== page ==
Their job is to provide much needed support to chaplains
during war and in peacetime. Their primary purpose is to support the unit
ministry team programs and worship services. Their enjoyment is getting to know
people and making a difference.
For over 105 years, chaplain assistants have
played an integral role in providing support and comfort to Soldiers and their
families while directly supporting chaplains to ensure successful ministries.
This year marks the 105th anniversary of the Chaplain Assistant Military Occupational Specialty. In 1909, General Order No. 253 was issued, making the Chaplain Assistant MOS official.
It will be the duty of commanders and regiments, hospitals and posts to afford to chaplains, assigned to the same for duty, such facilities as may aid them in the performance of their duties. One enlisted man will be detailed on special duty, by the commanding officer of any organization to which a chaplain is assigned for duty, for the purpose of assisting the chaplain in the performance of his official duties, as stated in the order.
“The chaplain assistants on this installation truly model what chaplain assistants are supposed to be,” said Capt. Khoi To, the deputy U.S. Army Garrison chaplain.
“Often times the relationship between the chaplain and the assistant are strained; not here. They do the day-to-day, behind-the scene-operations that set us up for success,” said To.
A major understated duty that is developed with time, whether a new chaplain assistant knows it or not, is to close the invisible, unspoken gap between enlisted and officers. Since the chaplain assistant is the voice of the chaplain, one of their primary missions is to build and foster relationships with everyone regardless of rank, grade or religion.
Chaplains are a non-combatant MOS. They cannot touch a weapon. However, chaplain assistants can. In the time of war, their primary role is to provide security to chaplains, according to To.
“There is really no other relationship in the Army like the chaplain and chaplain assistant,” said To.
Sgt. Gregory Hawkins has been in uniform for 10 years and a chaplain assistant for a little over two years.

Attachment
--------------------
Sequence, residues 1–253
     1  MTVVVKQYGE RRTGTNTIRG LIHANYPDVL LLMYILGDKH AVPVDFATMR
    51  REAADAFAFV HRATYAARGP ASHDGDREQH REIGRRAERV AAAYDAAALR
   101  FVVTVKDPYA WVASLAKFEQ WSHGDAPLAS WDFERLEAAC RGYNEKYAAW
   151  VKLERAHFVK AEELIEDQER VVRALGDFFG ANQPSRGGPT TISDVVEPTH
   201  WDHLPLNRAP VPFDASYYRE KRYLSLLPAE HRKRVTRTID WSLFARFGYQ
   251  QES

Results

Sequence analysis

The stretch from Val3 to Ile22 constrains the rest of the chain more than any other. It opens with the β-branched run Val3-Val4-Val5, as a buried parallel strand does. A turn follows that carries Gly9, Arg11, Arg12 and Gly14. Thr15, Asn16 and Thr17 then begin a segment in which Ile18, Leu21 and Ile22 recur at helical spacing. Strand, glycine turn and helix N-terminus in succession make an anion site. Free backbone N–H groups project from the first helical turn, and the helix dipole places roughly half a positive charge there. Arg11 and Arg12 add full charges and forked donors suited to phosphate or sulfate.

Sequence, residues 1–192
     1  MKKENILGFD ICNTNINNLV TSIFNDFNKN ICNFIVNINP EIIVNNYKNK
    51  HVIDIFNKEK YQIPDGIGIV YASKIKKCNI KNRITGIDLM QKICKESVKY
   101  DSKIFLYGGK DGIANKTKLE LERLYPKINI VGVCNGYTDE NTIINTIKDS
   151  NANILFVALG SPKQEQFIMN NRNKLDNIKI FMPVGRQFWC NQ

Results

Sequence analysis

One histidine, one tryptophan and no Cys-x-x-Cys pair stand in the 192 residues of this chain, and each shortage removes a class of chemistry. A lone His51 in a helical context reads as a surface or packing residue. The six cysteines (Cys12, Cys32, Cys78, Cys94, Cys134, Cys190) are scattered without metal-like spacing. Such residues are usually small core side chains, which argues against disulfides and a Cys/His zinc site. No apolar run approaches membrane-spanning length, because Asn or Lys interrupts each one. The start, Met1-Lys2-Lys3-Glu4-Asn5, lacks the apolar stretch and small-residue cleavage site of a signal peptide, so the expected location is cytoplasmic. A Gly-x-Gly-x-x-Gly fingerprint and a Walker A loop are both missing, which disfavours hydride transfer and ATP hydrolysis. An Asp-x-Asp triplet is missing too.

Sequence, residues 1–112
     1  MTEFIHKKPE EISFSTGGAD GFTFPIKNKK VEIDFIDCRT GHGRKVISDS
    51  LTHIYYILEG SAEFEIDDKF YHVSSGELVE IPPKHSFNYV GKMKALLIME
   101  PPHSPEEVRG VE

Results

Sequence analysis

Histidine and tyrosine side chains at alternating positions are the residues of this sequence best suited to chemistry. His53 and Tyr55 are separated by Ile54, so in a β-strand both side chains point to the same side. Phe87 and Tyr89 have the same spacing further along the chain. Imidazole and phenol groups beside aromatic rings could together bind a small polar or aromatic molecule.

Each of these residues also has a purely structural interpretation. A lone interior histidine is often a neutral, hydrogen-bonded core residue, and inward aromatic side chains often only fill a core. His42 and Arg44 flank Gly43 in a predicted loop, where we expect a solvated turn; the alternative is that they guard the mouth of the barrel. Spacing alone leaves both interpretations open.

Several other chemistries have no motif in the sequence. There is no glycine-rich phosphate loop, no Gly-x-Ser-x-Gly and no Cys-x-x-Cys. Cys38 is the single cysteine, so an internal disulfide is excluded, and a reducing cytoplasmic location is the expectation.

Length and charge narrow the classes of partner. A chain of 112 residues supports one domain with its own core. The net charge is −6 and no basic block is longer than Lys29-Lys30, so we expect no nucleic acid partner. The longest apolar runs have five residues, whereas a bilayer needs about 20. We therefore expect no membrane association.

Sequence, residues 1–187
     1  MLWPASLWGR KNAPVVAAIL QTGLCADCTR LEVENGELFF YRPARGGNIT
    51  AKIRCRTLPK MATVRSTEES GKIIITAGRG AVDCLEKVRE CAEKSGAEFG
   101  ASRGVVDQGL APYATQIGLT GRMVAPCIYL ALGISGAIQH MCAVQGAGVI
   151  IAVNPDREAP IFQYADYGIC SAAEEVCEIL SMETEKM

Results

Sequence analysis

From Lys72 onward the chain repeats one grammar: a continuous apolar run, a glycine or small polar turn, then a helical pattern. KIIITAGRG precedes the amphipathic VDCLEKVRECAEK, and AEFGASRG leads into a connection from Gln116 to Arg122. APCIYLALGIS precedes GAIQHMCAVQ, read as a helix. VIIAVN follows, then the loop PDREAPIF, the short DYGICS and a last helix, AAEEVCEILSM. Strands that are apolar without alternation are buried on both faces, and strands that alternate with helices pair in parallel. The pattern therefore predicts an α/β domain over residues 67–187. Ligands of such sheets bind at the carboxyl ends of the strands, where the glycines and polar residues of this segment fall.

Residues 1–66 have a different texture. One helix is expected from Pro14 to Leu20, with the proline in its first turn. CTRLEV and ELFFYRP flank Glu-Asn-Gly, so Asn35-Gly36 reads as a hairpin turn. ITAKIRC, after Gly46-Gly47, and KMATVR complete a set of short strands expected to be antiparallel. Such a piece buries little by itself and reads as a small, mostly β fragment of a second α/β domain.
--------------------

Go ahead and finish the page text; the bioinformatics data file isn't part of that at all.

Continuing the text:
“It was only out of necessity of his battalion and only as a special duty chaplain,” said Hawkins.
Hawkins went on to explain one moment that stuck out.
“There are three aspects of being in the chaplain core; the care for the living, nurture for the wounded and honor for the fallen. One day, I was tasked with a memorial ceremony for a Soldier that had taken his own life. It became a challenge to figure out what this job entailed, to be the best. It was during this service that, for the first time, the ranks were removed and I was able to see everyone as people and recognize how everyone grieves. In the Army it’s always Hooah, show that toughness. It was at that moment I knew I had to build those relationships so people felt comfortable enough with me to show weakness, so comfortable they could talk,” said Hawkins.
As any chaplain assistant will tell you, the more they interact and get to know the Soldiers, the more they are able to recognize when someone is not in the right space.
Sgt. Edward Webb, also a chaplain assistant, said one of the perks of his job is getting to visit with and talk to everyone.
“There was a time when I met with an education counselor to become an officer. While she stepped out of the office, I thought, ‘I love my job. I love working directly with Soldiers.’” At that moment, he walked out and went back to his job as a chaplain assistant and hasn’t looked back.
The gift of gab really does come in handy and is another unspoken requirement of the job. While being deployed, Webb said he would work out several times a night and see the same Soldier each night. One night, after his workout, he looked out the door and this Soldier waved him on.
“I could tell something was wrong. He looked like he was going to break down,” said Webb. “The Soldier was having suicidal thoughts because of issues at home.”
Webb was able to get the weapon out of his hand and take him to the chaplain.
“Webb was able to save a life. This happens because of their repeated interaction with everyone and is not an uncommon occurrence,” said To.
“As chaplains, our job is to talk. Our biggest responsibility is to build relationships. No one else in the unit has that job,” said To.
“I have no words to express how much I appreciate my guys,” said Chaplain Ahn. “It really makes coming to work easy to know that my assistants are motivated to do their jobs.”
Fort Detrick has six chaplain assistants on the installation. The next time you see them, thank them for their work.